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Outbreak This work has been published in the Teen Ink monthly print magazine.

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Poker faces covered in masks, false news report after false news report, madness at the supermarket, a sea of flowers around a picture …

More than five years have passed since SARS erupted. Most of that time has become vague, but some memories are as fresh as if they happened ­yesterday. After living in Hong Kong for more than 15 years, it was the most traumatizing time I’ve experienced.

One night the news had a report of an unknown disease. At first no one paid much attention. But before long our temperatures were checked at the gate every morning before entering school. More and more people became infected. People in Hong Kong wore face masks outside their homes. As a sixth grader, I didn’t know much about epidemics, but I realized my city had become a dangerous place. One day, all schools were shut down. Offices were closed. Beaches and parks were closed. Shops were closed. I remember walking around the streets feeling as if I were the only living creature on earth.

The disease had a chain effect. It seemed it would never end. I didn’t realized how much fear this virus was rooting in people’s hearts until I went to the supermarket. I will never forget the image: people were queued all the way to the back of the store with loads of groceries. A mere rumor had beguiled them all, a rumor that Hong Kong would be quarantined.

The disease was spreading so rapidly that I started thinking that one day it would come to my house. The more people died, the more I thought I was going to catch it and die too. Every day the headlines announced how many were infected and had died. Our fear existed, but remained silent. It was like a volcano ready to explode.

Hospitals became “the mouth of a tiger.” Anyone who had symptoms wouldn’t dare go there. When a person told hospital officials he had a fever, he was forced into a room filled with other infected people. No one could visit them. Then not just ­patients but doctors and nurses were dying too.

One of my aunt’s coworkers, who was a nurse, died from SARS. My mum thought it appropriate for us to go to the hospital to honor her. To tell the truth, I didn’t want to go. Who would want to go near a hospital at that time? But when I got there, I almost cried. There were hundreds – thousands – of flowers in the main hall. Everything was white, plain, silent, and lifeless … except for the sea of flowers. To know that there were so many people who cared, especially in a diseased city, warmed my heart. Even wearing a mask, I could still smell the freshness of the flowers.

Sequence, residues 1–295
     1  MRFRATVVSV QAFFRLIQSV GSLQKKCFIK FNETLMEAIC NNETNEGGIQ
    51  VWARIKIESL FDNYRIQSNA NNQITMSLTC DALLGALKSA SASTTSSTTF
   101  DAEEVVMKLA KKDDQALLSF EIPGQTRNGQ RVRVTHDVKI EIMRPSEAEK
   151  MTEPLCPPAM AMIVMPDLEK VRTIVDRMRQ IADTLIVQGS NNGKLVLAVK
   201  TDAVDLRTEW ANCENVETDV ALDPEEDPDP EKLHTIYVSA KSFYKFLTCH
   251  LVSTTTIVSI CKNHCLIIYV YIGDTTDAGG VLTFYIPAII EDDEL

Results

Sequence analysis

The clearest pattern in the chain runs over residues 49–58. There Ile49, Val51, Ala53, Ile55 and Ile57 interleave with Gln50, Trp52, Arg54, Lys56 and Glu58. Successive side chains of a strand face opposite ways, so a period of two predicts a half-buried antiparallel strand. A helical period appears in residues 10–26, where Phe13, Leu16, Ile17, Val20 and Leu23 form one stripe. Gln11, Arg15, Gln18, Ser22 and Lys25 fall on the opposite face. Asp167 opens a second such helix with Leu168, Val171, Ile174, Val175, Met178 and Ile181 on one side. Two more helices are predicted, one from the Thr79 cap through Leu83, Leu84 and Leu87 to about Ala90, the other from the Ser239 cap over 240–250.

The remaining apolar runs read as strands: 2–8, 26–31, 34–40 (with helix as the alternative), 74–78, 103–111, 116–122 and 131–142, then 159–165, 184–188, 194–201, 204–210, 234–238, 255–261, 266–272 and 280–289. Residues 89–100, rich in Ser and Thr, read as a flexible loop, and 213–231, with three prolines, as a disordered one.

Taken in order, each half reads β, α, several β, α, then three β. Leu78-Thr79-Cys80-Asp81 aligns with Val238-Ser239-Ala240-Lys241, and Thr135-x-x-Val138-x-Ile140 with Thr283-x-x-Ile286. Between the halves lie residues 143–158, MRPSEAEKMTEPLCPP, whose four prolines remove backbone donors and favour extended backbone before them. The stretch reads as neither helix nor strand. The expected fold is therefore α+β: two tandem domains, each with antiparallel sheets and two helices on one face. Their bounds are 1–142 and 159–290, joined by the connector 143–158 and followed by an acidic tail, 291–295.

SARS turned my hometown upside down and inside out; no one in Hong Kong will forget that time. I was surrounded by fear and could not help but be afraid myself. Waiting was torture, but it finally came to an end, like a rainbow after a storm. It may seem foolish to risk your life to honor a dead person, but thinking about it now, we risked so little compared with how my aunt’s friend risked her life to save others. I learned through danger that we find courage and love. On the other hand, I witnessed that fear and anxiety can make people lose their logic and after that comes selfishness.

There are always those who share, and those who take. I do not see SARS as a black hole in my life, but rather a lesson. As Helen Keller said, “Life is a succession of lessons which must be lived to be understood.” We are learning, every day, carrying the motivation of hope. I have learned a lesson.

This work has been published in the Teen Ink monthly print magazine. This piece has been published in Teen Ink’s monthly print magazine.





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This article has 4 comments. Post your own!

blah91 said...
Jan. 29, 2009 at 2:10 pm:
This article was very sad. I'd like to help this person. It was very insperational. IT was nice that the child went to honor their dead relatives even at the risk of their own lives. <3 The lesson that the author learned was a very valuable lesson. Thank you for sharing your story.
 
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CABhahahaHPhahaTL said...
Jan. 3, 2009 at 6:45 am:
I think your writing is fine the way it is so whomever wrote the first comment, "don't be so picky", Your story is inspirational, good job!
 
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wingedgirl4eva said...
Jan. 2, 2009 at 1:15 am:
hey, great job!!!!!! To laugh4life - he did seperate the paragraphs. Duh.
 
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laugh4life said...
Nov. 11, 2008 at 2:31 am:
i really wanted to read this, but next time you write something, can u seperate the paragraphs, or indent or somehitn, bcus i know i personally have a really hard time, focosing when things are written like this, but it does seem very good what i read!
 
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